And in Economic News…

Demonstrators protest the proposed 700 billion USD Wall Street bail-out in front of the New Yoprk Stock Exchange in the Financial District in New York on September 25, 2008. In response to the global financial crisis, protesters, from a variety of activist groups, denounced the capitalist system, Wall Street and the administration of US President George W, Bush. AFP PHOTO/Nicholas ROBERTS (Photo credit should read NICHOLAS ROBERTS/AFP/Getty Images)

As regular readers and all good Scissorheads know, MPS finds it is weird that all the major dailies have a Business section, but none of ‘em have a Labor section. Anyway we mention this because The WaPo is tying itself into knots to make the good employment news into bad economic news:

The labor market shattered expectations in January, as the economy added 517,000 jobs and the unemployment rate dropped to 3.4 percent, a low not seen since May 1969, according to data released Friday from the Bureau of Labor Statistics.

Job gains had been steadily dropping for months, but January’s stunning job growth reflects unexpected tightness in the labor market, even amid fears of a looming recession as high profile layoffs spread across the tech industry.

Here is the paragraph that is spinning as fast as it can. Follow the logic (if you can):

The Federal Reserve has been in an all-out effort to lower inflation, hoping it can manage to hoist interest rates without slowing the economy so much that it undercuts strength in the labor market. But that task appears much more difficult to pull off, with scant signs of a cool down in a labor market that created more than a half million jobs in January.

“Our goal is to do X but we cannot do X because X is happening.”

It’s not much of a hidden secret that the Fed is always on the side of Big Bidness, and nothing would make their constituents happier than to have to pay lower wages and have fewer benefits, but as long as employees are in short supply, well, that’s not going to happen.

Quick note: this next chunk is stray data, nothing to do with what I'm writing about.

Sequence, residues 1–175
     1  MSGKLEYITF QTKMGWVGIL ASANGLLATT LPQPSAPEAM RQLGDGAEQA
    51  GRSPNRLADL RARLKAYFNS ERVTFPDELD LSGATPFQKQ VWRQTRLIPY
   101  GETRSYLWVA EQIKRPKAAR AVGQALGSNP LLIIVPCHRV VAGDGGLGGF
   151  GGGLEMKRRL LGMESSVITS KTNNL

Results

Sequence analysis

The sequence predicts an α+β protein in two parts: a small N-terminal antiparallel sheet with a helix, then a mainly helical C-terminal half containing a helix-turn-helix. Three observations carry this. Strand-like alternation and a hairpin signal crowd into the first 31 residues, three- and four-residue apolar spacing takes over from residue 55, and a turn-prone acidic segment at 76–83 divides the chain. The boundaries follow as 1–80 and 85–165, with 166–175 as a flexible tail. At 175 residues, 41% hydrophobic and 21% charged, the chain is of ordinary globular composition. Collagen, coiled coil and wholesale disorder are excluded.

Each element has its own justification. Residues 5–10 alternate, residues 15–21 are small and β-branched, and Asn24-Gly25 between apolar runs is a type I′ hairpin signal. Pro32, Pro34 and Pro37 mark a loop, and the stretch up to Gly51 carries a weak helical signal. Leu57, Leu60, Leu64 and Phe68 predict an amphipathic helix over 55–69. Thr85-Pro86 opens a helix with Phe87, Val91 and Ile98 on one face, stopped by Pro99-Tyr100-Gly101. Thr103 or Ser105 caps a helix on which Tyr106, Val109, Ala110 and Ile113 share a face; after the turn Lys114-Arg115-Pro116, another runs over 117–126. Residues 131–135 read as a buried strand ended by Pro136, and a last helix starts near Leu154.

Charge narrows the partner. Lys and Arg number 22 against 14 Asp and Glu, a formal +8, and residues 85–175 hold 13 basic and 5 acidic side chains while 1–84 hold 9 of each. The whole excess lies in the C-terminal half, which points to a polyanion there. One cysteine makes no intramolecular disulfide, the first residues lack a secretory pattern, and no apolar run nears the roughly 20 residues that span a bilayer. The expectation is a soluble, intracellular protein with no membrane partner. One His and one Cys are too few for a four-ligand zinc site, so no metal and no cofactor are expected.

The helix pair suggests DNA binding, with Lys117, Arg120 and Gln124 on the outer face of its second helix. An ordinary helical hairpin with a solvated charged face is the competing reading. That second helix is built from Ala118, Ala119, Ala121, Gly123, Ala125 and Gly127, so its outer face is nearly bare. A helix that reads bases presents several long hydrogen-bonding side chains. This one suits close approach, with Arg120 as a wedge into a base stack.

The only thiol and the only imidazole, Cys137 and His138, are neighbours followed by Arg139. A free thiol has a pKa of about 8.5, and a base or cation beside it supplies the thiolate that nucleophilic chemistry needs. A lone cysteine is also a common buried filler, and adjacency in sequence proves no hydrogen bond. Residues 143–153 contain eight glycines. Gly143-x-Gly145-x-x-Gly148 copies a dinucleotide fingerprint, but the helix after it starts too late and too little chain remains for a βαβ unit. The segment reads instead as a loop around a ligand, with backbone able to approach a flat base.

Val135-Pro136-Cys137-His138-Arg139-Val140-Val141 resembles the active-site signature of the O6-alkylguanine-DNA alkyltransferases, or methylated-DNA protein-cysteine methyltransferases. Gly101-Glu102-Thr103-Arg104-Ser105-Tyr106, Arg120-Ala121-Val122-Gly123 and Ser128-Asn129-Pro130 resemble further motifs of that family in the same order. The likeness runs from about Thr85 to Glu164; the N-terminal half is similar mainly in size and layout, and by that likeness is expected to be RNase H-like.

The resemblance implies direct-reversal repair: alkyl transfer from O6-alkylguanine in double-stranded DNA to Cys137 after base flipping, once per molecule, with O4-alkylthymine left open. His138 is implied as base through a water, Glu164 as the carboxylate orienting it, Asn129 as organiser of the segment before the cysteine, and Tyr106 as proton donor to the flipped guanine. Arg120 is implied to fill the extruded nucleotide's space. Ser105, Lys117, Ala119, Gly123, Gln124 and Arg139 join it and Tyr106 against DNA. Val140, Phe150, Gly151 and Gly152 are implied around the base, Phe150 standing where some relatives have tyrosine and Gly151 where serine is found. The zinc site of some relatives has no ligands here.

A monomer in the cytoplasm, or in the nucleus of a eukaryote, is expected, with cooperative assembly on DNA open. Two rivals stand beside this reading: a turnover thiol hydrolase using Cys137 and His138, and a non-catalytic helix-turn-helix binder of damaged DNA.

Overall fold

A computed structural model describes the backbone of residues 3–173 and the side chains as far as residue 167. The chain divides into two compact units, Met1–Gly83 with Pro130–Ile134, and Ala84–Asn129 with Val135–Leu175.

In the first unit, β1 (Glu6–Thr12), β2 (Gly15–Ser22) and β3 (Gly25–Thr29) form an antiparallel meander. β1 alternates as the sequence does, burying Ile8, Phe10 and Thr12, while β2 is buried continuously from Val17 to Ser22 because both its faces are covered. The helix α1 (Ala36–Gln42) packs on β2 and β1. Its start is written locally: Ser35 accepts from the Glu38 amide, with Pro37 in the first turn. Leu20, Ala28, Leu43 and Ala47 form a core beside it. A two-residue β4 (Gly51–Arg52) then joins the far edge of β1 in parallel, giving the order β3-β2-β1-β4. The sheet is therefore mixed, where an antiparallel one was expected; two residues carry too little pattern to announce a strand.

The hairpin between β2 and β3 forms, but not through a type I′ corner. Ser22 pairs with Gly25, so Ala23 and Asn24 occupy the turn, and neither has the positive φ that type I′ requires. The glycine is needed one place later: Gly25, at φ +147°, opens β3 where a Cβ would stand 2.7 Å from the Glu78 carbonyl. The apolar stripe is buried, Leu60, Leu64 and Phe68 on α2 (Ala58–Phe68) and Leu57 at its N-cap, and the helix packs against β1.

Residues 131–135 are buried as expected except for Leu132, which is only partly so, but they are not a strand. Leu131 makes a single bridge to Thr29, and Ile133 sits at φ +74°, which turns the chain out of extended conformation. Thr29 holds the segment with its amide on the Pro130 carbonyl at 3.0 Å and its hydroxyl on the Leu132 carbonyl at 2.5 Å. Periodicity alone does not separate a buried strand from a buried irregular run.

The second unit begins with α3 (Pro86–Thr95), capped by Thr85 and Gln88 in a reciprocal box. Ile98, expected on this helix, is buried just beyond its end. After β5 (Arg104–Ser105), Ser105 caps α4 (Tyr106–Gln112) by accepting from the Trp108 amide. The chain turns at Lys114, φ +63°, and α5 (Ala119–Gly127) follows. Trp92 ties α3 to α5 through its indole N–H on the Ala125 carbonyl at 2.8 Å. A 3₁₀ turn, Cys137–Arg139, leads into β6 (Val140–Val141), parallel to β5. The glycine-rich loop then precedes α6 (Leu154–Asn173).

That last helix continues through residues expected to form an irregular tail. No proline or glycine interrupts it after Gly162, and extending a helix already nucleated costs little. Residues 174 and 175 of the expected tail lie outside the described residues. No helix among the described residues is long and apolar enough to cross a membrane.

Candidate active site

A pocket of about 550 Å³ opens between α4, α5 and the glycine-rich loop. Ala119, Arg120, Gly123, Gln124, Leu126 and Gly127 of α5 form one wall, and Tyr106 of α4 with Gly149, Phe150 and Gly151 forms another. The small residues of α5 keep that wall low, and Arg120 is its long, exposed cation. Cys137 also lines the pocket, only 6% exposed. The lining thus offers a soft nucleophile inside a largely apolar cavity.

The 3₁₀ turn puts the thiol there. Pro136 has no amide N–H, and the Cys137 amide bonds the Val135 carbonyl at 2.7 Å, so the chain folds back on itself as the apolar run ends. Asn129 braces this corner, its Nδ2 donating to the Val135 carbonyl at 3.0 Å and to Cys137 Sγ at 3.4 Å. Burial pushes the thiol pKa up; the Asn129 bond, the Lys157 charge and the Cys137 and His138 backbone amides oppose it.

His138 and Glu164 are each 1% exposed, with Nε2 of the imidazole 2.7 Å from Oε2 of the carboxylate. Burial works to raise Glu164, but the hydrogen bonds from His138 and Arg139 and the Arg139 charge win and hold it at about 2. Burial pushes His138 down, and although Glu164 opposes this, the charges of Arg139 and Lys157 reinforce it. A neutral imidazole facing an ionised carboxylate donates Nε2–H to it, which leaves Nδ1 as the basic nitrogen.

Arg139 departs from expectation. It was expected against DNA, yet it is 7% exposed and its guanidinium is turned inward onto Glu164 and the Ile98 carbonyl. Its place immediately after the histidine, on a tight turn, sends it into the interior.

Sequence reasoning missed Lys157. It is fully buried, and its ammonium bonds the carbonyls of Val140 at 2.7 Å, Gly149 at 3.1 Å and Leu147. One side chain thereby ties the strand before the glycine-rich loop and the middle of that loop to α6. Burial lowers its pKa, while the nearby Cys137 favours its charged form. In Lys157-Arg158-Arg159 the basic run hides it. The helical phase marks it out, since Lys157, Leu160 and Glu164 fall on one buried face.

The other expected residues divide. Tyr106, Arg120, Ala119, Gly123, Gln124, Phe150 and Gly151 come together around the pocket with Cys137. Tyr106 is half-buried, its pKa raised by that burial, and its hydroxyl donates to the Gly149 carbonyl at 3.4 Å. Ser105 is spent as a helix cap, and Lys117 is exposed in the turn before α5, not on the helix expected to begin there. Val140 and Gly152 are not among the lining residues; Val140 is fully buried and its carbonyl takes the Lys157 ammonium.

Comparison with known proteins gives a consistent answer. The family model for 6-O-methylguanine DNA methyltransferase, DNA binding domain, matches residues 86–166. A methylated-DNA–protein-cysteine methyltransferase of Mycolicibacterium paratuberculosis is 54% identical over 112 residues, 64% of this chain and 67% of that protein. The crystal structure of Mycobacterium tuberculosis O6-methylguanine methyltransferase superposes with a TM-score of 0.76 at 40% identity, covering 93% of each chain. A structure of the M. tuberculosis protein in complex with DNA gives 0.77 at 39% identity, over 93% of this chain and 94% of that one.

(And as the Boomers are hitting retirement age, employers are gonna be in this position for a long, long time. It’s one of the reasons that the GOP wants to increase retirement age. )

Yes, I know that the Fed has two contradictory prime directives: 1) Fight inflation  and  B) promote full employment.

So much of the inflation we’ve been experiencing lately has actually been price gouging. One might think after looking at the eye-popping profit and loss statements that the Fed would do something about it as part of their inflation-stomping mandate, like, I dunno, MAKING A CRIMINAL REFERRAL TO THE DOJ.

But we cannot hurt Corporate America, so for the good of the country, we need to screw the proles. Got it.

This entry was posted in Ayn Rand's Grave, Bankster Bastards, Bastards, Billionaire Bastards, blood sucking leeches, CEO Bastards, Feast of Saint Ronnie, Income Inequality, Rat Bastards. Bookmark the permalink.

16 Responses to And in Economic News…

  1. Jimmy T says:

    Job growth under Biden’s watch has been impressive. Not sure why the papers don’t cover labor news. I remember when, as a child reading the papers, they were on it in every edition…

    Liked by 1 person

  2. gruaud says:

    A hyper-capitalist society despises labor, and will even attempt to brainwash labor into despising themselves.

    Liked by 2 people

  3. ali redford says: